We were at the epicenter of a perfect storm, a combination of market events in which reveals all the fragility global interconnected financial system,built on debt and financial engineering. COVID19 seems to have become the new "black swan" that has taken the world by surprise. The spread of the virus has led to a breakdown in global supply chains and disruptions in our global economy. The consequences of a broken supply chain, if any, should still hit markets in the next couple of weeks.
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At the weekend, when the attention of the whole world wasconfined to quarantine in Italy and the spread of coronavirus in the United States, Russia suddenly came to the forefront and brought down the markets by releasing another black swan - unexpectedly breaking the agreement with OPEC to limit production, which had previously been extended quarterly to maintain oil prices. It is unlikely that this would be to the taste of Saudi Arabia, which immediately lowered the price of its oil and announced a significant increase in production. This led to a drop in oil prices by more than 30%, and WTI, temporarily sifting to less than $ 30 per barrel, was trading at $ 34.35 on Monday. This step of Russia should be seen as a blow to the production of American shale oil, which increased competition in global markets.
Oil wars, however, are difficult to nameunexpected phenomenon. For many years, non-OPEC countries have expressed dissatisfaction with the reality of the petrodollar, in which states are forced to pay for oil in US dollars, and declare the need to change the established order.
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This led to the creation of oil contracts,denominated in RMB and ruble, and an increase in direct trade between Iran, Russia and China. The question that many have been asked over the past couple of years is: “When will we already see a complete reversal from OPEC to a more forked global oil market?”
Well, it looks like Russia finally feltconfident enough to send the oil cartel away and leave. It will be interesting to observe the indirect consequences of this bold move in the coming months and years.
Here is one of the most important graphs to follow.consider when oil wars erupt: the cost of producing a barrel by country. (Provided, of course, by our good friend @arbedout, who remains one of my favorite sources of information on this topic. I highly recommend that you read the entire cited thread.)
# 4: Like I said in # 1, the number of barrels produced per capita is an important metric; even more important is cost of extracting a barrel from the ground.
US cost of extraction is somewhere between $ 21 and $ 23 dollars.
Gulf oil cost of extraction is between $ 8 and $ 10. pic.twitter.com/c3lLnUppk4
- شتر دیدی؟ ندیدی (@arbedout) October 3, 2019
@arbedout: # 4:
As I said in the first tweet of this thread,the number of barrels per capita produced is an important indicator; but even more important is the cost of producing a barrel of oil. The cost of production in the United States is 21-23 dollars. The cost of producing a barrel of oil in the Gulf ranges from 8 to 10 dollars.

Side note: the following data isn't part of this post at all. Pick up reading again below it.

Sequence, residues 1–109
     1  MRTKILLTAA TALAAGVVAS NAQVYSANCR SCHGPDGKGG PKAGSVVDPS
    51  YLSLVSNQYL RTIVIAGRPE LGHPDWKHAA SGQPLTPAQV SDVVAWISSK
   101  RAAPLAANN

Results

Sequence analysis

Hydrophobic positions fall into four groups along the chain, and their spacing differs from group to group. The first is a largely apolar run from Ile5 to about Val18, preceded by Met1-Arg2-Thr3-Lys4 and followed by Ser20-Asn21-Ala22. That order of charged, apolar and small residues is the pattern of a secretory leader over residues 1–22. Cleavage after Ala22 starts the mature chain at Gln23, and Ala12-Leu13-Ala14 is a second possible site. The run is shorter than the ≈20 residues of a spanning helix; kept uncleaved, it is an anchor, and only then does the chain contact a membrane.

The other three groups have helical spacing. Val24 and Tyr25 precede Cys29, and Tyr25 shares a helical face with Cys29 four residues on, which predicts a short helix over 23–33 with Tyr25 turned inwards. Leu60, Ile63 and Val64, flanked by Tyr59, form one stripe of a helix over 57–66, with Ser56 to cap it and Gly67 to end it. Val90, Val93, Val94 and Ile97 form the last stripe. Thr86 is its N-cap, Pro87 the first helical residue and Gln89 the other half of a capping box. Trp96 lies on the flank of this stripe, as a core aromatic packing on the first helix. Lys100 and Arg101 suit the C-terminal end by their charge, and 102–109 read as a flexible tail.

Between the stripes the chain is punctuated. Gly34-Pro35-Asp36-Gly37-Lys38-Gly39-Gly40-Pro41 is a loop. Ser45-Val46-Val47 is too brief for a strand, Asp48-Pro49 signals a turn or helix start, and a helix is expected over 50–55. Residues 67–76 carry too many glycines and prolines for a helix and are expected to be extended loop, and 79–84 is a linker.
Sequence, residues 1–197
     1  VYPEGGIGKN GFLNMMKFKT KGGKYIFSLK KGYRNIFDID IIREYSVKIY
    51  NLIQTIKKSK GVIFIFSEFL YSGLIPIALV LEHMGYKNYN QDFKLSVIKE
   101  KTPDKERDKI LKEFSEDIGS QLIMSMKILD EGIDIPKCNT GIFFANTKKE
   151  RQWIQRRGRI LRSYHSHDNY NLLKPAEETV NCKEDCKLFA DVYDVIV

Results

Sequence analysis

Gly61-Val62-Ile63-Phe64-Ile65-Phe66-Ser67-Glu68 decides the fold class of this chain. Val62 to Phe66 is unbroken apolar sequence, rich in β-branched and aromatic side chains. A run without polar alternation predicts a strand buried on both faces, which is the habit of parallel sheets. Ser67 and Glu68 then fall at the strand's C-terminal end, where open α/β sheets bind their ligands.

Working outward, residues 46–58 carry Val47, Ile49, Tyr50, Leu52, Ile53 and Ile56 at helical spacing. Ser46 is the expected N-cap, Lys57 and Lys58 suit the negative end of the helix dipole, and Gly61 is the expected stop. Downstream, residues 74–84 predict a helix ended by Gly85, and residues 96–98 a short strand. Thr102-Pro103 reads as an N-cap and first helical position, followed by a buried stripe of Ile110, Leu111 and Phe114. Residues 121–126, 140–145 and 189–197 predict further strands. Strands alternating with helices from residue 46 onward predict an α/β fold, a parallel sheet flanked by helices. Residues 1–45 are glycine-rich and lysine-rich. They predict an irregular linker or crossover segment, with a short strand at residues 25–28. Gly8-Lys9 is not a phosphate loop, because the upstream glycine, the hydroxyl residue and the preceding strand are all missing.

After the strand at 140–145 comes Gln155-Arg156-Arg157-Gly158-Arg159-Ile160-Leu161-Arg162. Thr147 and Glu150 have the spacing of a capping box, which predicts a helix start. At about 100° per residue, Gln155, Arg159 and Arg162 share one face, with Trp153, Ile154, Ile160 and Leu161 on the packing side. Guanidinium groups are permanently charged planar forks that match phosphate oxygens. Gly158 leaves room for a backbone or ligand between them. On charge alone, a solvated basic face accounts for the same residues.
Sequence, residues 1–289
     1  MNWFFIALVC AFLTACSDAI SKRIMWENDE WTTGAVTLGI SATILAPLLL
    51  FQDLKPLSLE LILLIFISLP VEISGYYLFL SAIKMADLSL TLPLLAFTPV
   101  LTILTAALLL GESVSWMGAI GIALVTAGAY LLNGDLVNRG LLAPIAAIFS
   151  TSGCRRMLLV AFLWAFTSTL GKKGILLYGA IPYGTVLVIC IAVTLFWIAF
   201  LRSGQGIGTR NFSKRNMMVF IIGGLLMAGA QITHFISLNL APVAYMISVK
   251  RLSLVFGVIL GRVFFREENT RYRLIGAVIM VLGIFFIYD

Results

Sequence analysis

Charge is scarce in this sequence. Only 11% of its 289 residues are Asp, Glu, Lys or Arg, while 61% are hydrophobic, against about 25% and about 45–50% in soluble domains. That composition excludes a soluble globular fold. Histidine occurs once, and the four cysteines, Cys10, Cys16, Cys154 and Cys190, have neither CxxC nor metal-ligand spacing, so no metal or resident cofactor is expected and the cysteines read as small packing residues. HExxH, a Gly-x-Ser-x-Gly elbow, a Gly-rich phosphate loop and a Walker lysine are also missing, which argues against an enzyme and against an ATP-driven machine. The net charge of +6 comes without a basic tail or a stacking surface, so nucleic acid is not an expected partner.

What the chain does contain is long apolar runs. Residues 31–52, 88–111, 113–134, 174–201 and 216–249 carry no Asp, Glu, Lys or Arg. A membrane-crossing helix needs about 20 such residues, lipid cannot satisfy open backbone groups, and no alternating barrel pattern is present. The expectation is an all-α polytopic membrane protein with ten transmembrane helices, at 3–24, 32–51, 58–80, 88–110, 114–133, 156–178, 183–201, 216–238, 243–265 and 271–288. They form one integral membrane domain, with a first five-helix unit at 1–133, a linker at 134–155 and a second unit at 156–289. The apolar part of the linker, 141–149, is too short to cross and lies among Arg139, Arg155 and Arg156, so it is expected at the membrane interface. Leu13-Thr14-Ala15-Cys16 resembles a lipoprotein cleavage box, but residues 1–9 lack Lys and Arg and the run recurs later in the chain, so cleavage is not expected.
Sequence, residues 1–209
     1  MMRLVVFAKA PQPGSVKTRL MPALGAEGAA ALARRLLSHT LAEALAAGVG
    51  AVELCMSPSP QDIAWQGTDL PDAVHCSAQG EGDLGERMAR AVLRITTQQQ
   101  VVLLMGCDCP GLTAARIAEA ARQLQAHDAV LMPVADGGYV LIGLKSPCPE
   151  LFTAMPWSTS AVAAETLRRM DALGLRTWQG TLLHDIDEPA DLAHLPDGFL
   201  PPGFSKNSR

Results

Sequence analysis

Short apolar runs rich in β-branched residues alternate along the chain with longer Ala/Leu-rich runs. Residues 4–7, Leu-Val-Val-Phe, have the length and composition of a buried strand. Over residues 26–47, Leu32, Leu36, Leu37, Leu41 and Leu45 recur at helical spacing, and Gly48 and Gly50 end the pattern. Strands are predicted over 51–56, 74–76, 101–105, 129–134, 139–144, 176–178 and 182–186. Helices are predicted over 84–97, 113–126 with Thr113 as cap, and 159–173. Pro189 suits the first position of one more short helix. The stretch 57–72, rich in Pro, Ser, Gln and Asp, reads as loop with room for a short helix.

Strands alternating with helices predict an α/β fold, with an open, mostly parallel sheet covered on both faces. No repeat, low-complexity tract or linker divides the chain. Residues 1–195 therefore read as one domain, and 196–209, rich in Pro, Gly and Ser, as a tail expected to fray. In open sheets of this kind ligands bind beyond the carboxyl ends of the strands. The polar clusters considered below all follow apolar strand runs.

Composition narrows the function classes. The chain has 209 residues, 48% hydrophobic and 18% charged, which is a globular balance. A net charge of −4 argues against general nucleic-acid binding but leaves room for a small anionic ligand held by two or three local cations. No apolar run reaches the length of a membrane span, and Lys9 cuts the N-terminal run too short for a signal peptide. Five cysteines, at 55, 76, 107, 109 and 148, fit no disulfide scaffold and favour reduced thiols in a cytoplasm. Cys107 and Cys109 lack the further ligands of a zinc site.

As you can see, Saudi Arabia and othersMiddle East manufacturers can survive this storm much more easily than their counterparts from other regions. Nevertheless, Russia decided to make it clear to the markets how low they can fall and how long they can withstand the survival war.
RUSSIAN FINANCE MINISTRY SAYS RUSSIA CAN WEATHER OIL PRICES OF $ 25- $ 30 PER BARREL FOR 6-10 YEARS # OOTT
- * Walter Bloomberg (@DeItaOne) March 9, 2020
@DeltaOne: The Russian Ministry of Finance says that Russia can withstand oil prices in the range of $ 25-30 per barrel for 6-10 years.
If Saudi Arabia takes decisiveactions, trying to punish those who neglected the oil cartel, Russia is likely to have the hardest time: I expect that oil prices will fall below the line drawn by the RF Ministry of Finance. However, it will be even more interesting to observe how American producers of shale oil can (and will) survive the storm. But there are pluses: somewhere, finally, gasoline may finally become cheaper!
The collapse of the oil market provoked by Russia is nothe failed to reflect on the securities market, further exacerbating the situation caused by the spread of coronavirus. The perfect macro-event storm strikes stock markets after blow, revealing the fragility of the global financial system. This is very important to understand. The combination of coronavirus and the actions of Russia, once again starting to play by its own rules, may be a trigger for a recession in the market, but not the main problem, because of which such a recession in principle has become possible. The main reason is the fragility of the financial system, which directly depends on cheap debt. Bitcoin engineer James O’Bairn spoke in a much more eloquent manner:
It wasn't obvious that the combination of a new virus and the dissolution of an oil cartel would bring markets to their knees.
It * was * obvious that overleveraged corporates with historically high P / Es pumped up by unnaturally low rates can't tolerate the unexpected.
- James O'Beirne (@jamesob) March 9, 2020
@jamesob: The fact that the combination of the new virus and the dissolution of the oil cartel will bring down markets was not obvious. But what was * obvious * was that corporations with unnaturally low interest rates with a price / yield ratio at a historic high were not able to withstand unexpected shocks.